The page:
A new scientific report characterizes the overall U.S. risk for the occurrence of bovine spongiform encephalopathy (BSE), commonly called mad cow disease, as extremely low. The Council for Agricultural Science and Technology (CAST) summarizes the latest information and disease statistics in its new report on transmissible spongiform encephalopathies (TSEs), a unique group of fatal diseases that can affect the nervous systems of animals and humans worldwide.

No cases of BSE have been found in the United States even though the disease has caused a major cattle epidemic in Great Britain and has been identified in nine other European countries. In March 1996, the British government announced a potential link between BSE and a new human illness, a variant of Creutzfeldt-Jakob disease (nvCJD). No cases of this unique human neurologic disease have been detected in the United States.

BSE can be prevented and controlled in spite of an incomplete understanding of the disease and the lack of live-animal diagnostic tests, said report cochair William D. Hueston of the Virginia Maryland Regional College of Veterinary Medicine. The cardinal point in BSE control is the willingness of veterinarians and renderers and members of the cattle industry and animal feed companies to implement and carry out measures such as disease surveillance and feed bans.

In May 1990, the United States began an aggressive BSE surveillance program to ensure timely detection and swift response in the event that BSE was introduced in the United States. Several government agencies are involved in the surveillance program and more than 250 federal and state regulatory veterinarians are trained to diagnose foreign animal diseases, including BSE.

The next few years should bring further knowledge on BSE and allow assessment of the effectiveness of public health measures established to prevent human exposure to BSE, said report co-chair James L. Voss of the College of Veterinary Medicine and Biomedical Sciences at Colorado State University.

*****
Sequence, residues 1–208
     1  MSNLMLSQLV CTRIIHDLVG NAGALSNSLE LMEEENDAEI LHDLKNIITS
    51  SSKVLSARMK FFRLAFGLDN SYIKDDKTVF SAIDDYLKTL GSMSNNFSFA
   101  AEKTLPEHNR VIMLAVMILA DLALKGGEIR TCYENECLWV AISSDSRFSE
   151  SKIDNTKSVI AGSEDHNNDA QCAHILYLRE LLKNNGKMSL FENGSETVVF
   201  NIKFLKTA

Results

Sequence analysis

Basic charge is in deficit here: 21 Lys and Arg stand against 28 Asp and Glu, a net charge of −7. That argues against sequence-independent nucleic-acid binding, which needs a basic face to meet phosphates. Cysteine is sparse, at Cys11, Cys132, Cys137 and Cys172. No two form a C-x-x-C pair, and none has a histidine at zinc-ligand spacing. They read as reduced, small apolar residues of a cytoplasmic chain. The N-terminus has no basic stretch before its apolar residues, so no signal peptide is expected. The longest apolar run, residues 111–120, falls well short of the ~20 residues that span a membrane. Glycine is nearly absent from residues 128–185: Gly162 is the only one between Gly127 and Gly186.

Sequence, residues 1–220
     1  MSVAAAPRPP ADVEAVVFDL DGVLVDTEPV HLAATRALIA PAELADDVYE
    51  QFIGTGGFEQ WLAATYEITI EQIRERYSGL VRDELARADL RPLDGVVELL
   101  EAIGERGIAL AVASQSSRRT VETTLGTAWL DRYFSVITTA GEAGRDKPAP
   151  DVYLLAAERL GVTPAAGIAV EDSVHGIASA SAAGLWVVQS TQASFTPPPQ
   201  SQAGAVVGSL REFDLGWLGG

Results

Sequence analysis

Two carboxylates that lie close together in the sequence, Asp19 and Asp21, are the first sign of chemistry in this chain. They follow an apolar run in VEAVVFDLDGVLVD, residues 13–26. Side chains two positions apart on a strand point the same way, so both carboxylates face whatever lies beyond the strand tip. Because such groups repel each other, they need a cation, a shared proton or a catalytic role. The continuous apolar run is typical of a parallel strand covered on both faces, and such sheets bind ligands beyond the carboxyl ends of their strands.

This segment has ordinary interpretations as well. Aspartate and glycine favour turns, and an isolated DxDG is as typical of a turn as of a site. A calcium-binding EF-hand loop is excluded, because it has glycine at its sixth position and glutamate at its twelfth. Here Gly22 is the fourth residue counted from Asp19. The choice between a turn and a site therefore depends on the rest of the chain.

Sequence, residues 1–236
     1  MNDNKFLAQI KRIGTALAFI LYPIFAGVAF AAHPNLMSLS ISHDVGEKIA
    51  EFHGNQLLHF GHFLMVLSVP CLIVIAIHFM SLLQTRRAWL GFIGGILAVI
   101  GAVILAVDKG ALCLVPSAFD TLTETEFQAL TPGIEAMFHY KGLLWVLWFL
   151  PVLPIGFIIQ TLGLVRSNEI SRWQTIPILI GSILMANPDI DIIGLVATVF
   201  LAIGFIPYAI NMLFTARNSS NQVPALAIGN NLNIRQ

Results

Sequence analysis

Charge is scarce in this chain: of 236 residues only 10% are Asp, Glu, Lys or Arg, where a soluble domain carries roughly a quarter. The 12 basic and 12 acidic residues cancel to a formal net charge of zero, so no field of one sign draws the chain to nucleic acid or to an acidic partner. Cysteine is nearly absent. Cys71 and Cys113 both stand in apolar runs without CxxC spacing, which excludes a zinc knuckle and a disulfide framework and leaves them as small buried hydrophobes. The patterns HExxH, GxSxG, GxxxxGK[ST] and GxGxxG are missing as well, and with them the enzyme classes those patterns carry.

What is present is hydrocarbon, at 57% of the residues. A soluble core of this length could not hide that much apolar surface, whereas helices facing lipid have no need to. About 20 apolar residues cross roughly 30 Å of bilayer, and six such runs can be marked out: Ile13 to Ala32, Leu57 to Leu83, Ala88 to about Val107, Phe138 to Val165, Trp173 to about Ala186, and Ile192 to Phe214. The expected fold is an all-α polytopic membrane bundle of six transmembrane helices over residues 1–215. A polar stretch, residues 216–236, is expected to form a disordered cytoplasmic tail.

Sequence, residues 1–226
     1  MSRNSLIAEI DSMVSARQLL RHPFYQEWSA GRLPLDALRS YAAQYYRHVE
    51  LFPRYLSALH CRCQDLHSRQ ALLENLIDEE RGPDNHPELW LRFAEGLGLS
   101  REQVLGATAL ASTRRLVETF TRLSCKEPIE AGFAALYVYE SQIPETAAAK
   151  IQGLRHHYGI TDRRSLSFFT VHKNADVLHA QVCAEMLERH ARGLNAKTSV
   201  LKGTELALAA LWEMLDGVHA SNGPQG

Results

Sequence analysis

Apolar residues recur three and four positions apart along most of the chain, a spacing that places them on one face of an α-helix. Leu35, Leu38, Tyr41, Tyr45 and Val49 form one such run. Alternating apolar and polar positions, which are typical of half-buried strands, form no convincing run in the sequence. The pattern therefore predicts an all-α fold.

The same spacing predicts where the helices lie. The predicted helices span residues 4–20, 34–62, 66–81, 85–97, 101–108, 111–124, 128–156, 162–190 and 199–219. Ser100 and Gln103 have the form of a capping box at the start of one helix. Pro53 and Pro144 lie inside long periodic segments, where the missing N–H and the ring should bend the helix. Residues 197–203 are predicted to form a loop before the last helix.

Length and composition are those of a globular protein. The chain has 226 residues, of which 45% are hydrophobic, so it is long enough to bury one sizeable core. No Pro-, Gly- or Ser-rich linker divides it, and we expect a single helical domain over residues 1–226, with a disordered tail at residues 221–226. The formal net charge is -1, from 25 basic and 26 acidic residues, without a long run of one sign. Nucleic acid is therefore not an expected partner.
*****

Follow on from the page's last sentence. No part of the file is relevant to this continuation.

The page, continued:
Other TSE diseases do occur in the United States, including classical Creutzfeldt-Jakob disease in humans, scrapie in sheep and goats, chronic wasting disease in deer and elk, and transmissible mink encephalopathy. U.S. government animal and public health

Agencies continue major education efforts as well as specific control programs for these diseases. To fight scrapie, the U.S. government and industry have a surveillance program that traces exposed animals back to the farm of origin. The U.S. Department of Agriculture also has proposed new rules to support scrapie control by restricting interstate movement of sheep and goats and with pilot projects to evaluate flock cleanup plans based on testing.

A surveillance program also is in place for chronic wasting disease, which is found in free-ranging deer and elk populations only in 10 counties of north central Colorado and southeastern Wyoming.

Transmissible mink encephalopathy is a rare disease, with only five U.S. outbreaks recorded, the last being in 1985. Research and surveillance programs continue for this disease also.

CAST is an international consortium of 38 scientific and professional societies representing more than 180,000 member scientists. More information on CAST and its numerous scientific reports are available at www.cast-science.org Copies of reports, including Transmissible Spongiform Encephalopathies in the United States, are available from CAST at (515) 292 2125 or by e mail at cast@cast science.org.

www.cast-science.org